Maria Sharapova, the 32-year-old tennis star, may be officially saying goodbye to professional tennis, but she plans to continue with her endorsement deals, according to her spokeswoman.
During her career, the Russian-born tennis player who moved to the U.S. as a young girl has won five Grand Slam titles. She has been dealing with a shoulder problem for years. Sharapova won Wimbledon as a 17-year-old, and later won two titles at the French Open and one each at the U.S. Open and the Australian Open. She served a 15-month ban after failing a doping test in 2016, and since her return, has only reached one major quarterfinal.
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According to Sharapova’s spokeswoman, the former tennis player will continue to work with Nike, which she has been working with since she was 11 years old. She plans to continue her tennis collection, in addition to a shoe line called Maria Sharapova x La Cortez, which is now in its third iteration. The latest collection launched last fall and featured apparel for the first time. She’s also collaborated on products for Head Racquets, such as court bags.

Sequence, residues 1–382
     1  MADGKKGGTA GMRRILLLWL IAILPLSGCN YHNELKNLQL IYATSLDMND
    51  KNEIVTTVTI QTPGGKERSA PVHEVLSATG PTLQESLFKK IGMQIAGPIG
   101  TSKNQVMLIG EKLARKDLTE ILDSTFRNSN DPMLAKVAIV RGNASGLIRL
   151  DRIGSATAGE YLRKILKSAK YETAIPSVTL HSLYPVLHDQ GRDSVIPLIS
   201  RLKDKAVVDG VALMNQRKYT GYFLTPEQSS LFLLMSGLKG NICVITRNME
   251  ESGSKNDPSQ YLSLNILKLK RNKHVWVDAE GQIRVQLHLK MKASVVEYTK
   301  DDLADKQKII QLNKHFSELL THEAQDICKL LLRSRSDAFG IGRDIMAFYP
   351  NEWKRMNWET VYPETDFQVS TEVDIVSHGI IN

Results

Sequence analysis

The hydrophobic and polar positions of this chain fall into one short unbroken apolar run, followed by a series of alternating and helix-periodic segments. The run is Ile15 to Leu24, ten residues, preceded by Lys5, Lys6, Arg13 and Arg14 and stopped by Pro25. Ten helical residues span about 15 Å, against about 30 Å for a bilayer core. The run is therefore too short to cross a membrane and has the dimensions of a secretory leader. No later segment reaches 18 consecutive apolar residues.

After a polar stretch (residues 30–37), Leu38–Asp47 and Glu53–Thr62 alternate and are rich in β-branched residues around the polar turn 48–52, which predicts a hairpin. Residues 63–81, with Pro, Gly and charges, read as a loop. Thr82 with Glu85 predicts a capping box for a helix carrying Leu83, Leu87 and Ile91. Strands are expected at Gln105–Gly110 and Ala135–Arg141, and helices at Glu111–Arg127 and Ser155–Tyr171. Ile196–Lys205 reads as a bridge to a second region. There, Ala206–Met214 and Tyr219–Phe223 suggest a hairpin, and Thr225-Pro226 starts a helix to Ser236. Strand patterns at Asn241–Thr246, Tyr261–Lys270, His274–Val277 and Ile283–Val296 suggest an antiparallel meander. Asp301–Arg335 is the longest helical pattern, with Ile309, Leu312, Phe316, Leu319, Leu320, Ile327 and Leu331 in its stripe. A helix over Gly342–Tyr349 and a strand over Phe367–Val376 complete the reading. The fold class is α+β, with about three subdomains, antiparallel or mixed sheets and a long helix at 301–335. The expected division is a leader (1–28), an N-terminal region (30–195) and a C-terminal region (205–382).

A Nike spokesman didn’t return an e-mail seeking comment.
Sharapova also plans to continue as the brand ambassador for Evian Waters, which she’s been affiliated with since 2010 and with Porsche, which she’s been involved in since 2012, said the spokeswoman.
Sharapova is the founder and chief executive officer of Sugarpova, a candy line, which she started in 2012. She oversees the day-to-day decision-making and growth of the business, from creative branding and packaging to product R&D and retail expansion. She is also involved in supporting the next generations of entrepreneurs, and has invested in several companies and participates in mentorship programs for women in business. Sharapova chronicled much of her tennis career in her 2017 New York Times bestseller, “Unstoppable: My Life So Far.” She has taken courses at Harvard Business School and is collaborating with architect Dan Meis since 2017 on a new concept for boutique wellness centers.
Earlier in her career, Sharapova had a collection of handbags with Cole Haan and was also the face of Tag Heuer, when she appeared with ads beginning in 2005, that were shot by Patrick Demarchelier and Tom Munro.
Sharapova wrote a first-person essay in Vanity Fair and Vogue, which was published Wednesday, saying that she was retiring from professional tennis.
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